Generally, program modules include routines, programs, components, data structures, and other types of structures that perform particular tasks or implement particular abstract data types. Moreover, those skilled in the art will appreciate that embodiments may be practiced with other computer system configurations, including hand-held devices, multiprocessor systems, microprocessor-based or programmable consumer electronics, minicomputers, mainframe computers, and the like. Embodiments may also be practiced in distributed computing environments where tasks are performed by remote processing devices that are linked through a communications network. In a distributed computing environment, program modules may be located in both local and remote memory storage devices.
Embodiments may be implemented as a computer process (method), a computing system, or as an article of manufacture, such as a computer program product or computer readable media. The computer program product may be a computer storage media readable by a computer system and encoding a computer program of instructions for executing a computer process. The computer program product may also be a propagated signal on a carrier readable by a computing system and encoding a computer program of instructions for executing a computer process.
While the term “call” is mainly used in examples throughout this document as referring to voice communications, it is not so limited. “Call” may also be used in reference to video communications, conference communications, instant messaging, and other forms of communication discussed herein in conjunction with estimating endpoint performance.
Embodiments are directed to determining a performance of each endpoint in a communication system quantitatively and systematically, taking into account aspects of the system such as volume of traffic to enhance a capability of administrators to address quality issues promptly and efficiently for the overall communication system.
In a unified communication system such as the one shown in diagram 100, users may communicate via a variety of end devices (102, 104), which are client devices of the UC system. Each client device may be capable of executing one or more communication applications for voice communication, video communication, instant messaging, application sharing, data sharing, and the like. In addition to their advanced functionality, the end devices may also facilitate traditional phone calls through an external connection such as through PBX 124 to a Public Switched Telephone Network (PSTN). End devices may include any type of smart phone, cellular phone, any computing device executing a communication application, a smart automobile console, and advanced phone devices with additional functionality.
Unified Communication (UC) Network(s) 110 includes a number of servers performing different tasks. For example, UC servers 114 may provide registration, presence, and routing functionalities. Presence functionality enables the system to route calls to a user to anyone of the client devices assigned to the user based on default and/or user set policies. For example, if the user is not available through a regular phone, the call may be forwarded to the user's cellular phone, and if that is not answering a number of voicemail options may be utilized. Since the end devices can handle additional communication modes, UC servers 114 may provide access to these additional communication modes (e.g. instant messaging, video communication, etc.) through access server 112. Access server 112 resides in a perimeter network and enables connectivity through UC network(s) 110 with other users in one of the additional communication modes.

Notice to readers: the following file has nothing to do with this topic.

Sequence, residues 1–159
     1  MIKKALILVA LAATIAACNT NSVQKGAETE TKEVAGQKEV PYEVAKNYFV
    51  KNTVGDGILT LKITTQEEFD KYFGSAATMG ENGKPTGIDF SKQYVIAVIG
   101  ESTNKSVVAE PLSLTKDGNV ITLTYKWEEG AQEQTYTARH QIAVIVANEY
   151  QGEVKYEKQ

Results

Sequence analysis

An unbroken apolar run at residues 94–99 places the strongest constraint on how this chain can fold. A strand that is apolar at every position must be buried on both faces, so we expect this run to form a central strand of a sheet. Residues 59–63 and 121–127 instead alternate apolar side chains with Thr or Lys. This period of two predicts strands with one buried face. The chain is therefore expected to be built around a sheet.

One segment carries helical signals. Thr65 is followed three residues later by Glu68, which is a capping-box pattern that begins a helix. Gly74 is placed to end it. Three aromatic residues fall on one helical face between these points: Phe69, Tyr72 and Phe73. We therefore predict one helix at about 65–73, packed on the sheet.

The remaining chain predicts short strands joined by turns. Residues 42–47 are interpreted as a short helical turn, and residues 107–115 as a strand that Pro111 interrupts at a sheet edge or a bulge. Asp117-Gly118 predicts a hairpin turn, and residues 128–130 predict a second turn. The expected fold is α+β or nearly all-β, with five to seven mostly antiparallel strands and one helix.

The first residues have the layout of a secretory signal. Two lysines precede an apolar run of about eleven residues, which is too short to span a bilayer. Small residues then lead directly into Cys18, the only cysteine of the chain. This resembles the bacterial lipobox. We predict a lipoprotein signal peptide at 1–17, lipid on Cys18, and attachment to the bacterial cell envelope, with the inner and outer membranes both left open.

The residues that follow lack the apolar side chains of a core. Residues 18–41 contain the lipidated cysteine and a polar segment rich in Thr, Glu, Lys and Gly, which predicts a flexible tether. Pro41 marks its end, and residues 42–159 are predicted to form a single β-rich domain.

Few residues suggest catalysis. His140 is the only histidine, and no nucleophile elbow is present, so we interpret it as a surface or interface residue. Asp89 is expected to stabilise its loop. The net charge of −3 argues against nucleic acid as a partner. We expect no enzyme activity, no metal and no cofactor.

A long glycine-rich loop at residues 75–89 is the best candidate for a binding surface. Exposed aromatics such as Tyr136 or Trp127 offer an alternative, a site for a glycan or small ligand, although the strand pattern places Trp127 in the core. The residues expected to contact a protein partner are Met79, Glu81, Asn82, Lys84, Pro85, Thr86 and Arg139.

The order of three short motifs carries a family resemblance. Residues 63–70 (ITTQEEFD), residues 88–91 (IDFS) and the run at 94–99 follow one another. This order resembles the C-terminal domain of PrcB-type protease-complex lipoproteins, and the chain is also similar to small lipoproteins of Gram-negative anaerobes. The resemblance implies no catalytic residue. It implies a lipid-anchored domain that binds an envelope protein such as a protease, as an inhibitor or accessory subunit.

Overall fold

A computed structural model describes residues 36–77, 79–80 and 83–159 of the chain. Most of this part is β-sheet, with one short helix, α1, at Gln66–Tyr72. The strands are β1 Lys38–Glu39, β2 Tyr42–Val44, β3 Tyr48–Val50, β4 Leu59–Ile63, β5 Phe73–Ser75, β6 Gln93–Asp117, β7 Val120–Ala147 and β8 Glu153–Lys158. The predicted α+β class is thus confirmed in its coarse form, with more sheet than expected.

Audio/Video (A/V) conferencing server 118 provides audio and/or video conferencing capabilities by facilitating those over an internal or external network. Mediation server 116 mediates signaling and media to and from other types of networks such as a PSTN or a cellular network (e.g. calls through PBX 124 or from cellular phone 122). Mediation server 116 may also act as a Session Initiation Protocol (SIP) user agent (e.g. Business-To-Business User Agent “B2BUA”).
Quality Monitoring Server (QMS) 115 is tasked with collecting communication data such as statistical data associated with quantitative and qualitative aspects of communications from endpoints within the system. Endpoint is a general term referring to each end device as well as any server that is directly involved with communications within UCN 110. For example, mediation server 116 and A/V conferencing server 118 are directly involved with the communication as nodes within the network. Therefore, performance of these servers may affect quality of communications (e.g. degradation due to delays in the servers), and thus they are considered endpoints.